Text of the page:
What is 'War Exclusion Clause'

A war exclusion clause in an insurance policy specifically excludes coverage for acts of war such as invasion, insurrection, revolution, military coup and terrorism. A war exclusion clause in an insurance contract refers to protection for an insurer who will not be obligated to pay for losses caused by war-related events. Insurance companies commonly exclude coverage perils on which they cannot afford to pay claims.

BREAKING DOWN 'War Exclusion Clause'

Because most insurance companies would be unable to remain solvent, let alone profitable, if an act of war suddenly presented them with thousands or millions of expensive claims, auto, homeowners, renters, commercial property and life insurance policies often have war exclusion clauses. However, entities that are faced with a significant risk of war, such as companies located in politically unstable countries, may be able to purchase a separate war risk insurance policy.

Insurance companies typically won't cover damages caused by war for clear reasons. First, if war breaks out in a country, it could cause a catastrophic amount of damage that would likely bankrupt the insurance company if it were on the hook to cover such damages. Moreover, if an insured individual decides to join the military and go to war, they are voluntarily putting themselves at a much higher risk of getting disabled or killed. As a result, many life and disability policies do not cover losses from war.

War Exclusion Clause History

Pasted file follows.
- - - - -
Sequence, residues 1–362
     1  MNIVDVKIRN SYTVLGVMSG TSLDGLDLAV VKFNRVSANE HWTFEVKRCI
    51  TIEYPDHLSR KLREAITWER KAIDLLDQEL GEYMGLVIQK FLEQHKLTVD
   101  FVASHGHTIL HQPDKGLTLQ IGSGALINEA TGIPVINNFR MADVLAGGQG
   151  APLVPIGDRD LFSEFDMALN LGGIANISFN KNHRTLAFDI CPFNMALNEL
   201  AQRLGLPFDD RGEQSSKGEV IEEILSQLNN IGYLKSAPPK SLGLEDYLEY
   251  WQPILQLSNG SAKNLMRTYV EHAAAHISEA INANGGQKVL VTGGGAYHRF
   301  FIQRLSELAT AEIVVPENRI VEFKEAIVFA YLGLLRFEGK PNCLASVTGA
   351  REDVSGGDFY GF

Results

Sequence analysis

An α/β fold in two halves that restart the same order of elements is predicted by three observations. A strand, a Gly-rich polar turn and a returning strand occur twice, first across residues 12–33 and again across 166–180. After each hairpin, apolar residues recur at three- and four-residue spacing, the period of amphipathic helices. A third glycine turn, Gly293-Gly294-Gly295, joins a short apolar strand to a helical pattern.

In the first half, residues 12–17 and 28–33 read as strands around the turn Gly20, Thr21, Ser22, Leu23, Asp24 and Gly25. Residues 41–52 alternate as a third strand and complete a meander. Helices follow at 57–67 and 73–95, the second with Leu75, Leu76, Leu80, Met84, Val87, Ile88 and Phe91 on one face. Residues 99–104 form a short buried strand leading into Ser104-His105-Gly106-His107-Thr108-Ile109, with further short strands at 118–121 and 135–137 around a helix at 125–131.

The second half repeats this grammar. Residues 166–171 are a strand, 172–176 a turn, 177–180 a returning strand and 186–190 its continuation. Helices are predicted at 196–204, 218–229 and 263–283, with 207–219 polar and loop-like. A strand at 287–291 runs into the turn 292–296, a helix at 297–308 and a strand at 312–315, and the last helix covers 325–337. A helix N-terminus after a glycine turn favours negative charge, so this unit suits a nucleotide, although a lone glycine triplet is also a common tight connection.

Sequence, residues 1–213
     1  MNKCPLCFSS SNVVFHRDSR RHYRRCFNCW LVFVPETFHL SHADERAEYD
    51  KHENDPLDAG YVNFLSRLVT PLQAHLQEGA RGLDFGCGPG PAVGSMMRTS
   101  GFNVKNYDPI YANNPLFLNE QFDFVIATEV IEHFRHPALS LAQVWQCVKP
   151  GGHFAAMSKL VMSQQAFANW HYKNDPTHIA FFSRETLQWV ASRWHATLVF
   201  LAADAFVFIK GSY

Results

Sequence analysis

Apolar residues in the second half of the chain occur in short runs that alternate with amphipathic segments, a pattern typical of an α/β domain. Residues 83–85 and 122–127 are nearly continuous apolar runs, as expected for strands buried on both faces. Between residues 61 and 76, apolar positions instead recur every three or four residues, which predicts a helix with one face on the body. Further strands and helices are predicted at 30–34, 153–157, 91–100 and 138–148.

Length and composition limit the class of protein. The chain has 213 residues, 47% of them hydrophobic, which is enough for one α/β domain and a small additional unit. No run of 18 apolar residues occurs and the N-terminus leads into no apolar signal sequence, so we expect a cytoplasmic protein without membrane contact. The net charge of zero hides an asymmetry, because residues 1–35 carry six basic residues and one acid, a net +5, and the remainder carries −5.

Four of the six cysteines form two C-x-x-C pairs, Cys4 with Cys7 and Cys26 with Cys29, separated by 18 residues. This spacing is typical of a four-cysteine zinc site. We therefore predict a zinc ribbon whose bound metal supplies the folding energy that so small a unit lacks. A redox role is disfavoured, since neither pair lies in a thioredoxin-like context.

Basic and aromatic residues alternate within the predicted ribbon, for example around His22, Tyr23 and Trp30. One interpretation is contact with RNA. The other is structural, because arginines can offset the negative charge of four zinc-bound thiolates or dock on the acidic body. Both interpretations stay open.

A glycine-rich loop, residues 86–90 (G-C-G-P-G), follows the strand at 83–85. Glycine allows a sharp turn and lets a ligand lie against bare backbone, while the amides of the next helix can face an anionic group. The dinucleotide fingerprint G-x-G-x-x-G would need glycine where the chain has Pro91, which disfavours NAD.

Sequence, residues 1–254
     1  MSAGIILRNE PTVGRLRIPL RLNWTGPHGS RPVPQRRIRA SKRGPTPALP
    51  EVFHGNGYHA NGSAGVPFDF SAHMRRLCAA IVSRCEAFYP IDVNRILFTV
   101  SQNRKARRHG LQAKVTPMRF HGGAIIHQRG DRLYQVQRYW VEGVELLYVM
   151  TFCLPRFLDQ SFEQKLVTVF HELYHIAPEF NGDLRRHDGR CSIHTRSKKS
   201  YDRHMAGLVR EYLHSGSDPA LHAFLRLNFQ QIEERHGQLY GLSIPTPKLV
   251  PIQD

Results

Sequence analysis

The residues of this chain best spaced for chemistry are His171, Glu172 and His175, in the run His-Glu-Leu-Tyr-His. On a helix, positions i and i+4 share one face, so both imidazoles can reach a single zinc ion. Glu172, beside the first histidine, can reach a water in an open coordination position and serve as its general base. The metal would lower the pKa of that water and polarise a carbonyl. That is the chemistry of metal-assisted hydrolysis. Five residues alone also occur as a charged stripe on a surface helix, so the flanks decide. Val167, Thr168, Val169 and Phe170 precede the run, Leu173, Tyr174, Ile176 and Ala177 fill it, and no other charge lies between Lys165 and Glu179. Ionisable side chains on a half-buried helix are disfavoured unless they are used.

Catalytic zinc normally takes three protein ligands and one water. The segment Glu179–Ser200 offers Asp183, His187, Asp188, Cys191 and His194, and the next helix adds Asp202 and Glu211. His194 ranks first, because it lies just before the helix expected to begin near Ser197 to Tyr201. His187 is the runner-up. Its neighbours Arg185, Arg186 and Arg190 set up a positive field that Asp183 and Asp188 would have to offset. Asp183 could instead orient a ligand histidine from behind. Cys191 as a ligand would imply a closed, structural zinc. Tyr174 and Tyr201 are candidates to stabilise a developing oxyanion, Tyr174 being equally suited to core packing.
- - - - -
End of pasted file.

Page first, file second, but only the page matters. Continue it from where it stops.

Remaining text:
The war exclusion clause became a hot issue in the insurance industry following the September 11, 2001, terrorist attacks on New York City and Washington D.C. Before the attacks, most war exclusion clauses applied only with respect to contractually assumed liability, on the theory that private persons and organizations could not otherwise incur liability in connection with war. However, after September 11, "war and terrorism" exclusions that broadened the war portion of the exclusion beyond contractually assumed liability were quickly added to liability policies. This development widened the scope of the war exclusion clause, which is now considered standard, regardless of whether terrorism is insured or excluded in the policy.

Two primary factors require the modern version of the war exclusion: the inability of insurance companies to gauge premiums to cover the risk of war and the need for insurance companies to protect themselves against a catastrophic financial disaster that could result from war-level destruction. If private insurers were to assume the normal risks incident to military service in time of war under ordinary premium rates, they would likely go bankrupt.

RELATED TERMS
  1. Full Reporting Clause

    A full reporting clause is an insurance provision requiring the ...
  2. War Bond

    A war bond is a debt security issued by a government for the ...
  3. Absolute Exclusion

    An insurance policy clause that eliminates coverage of certain ...
  4. Valuation Clause

    Valuation clause is a provision in some insurance policies specifying ...
  5. Cooperation Clause

    An insurance contract clause that requires the policyholder to ...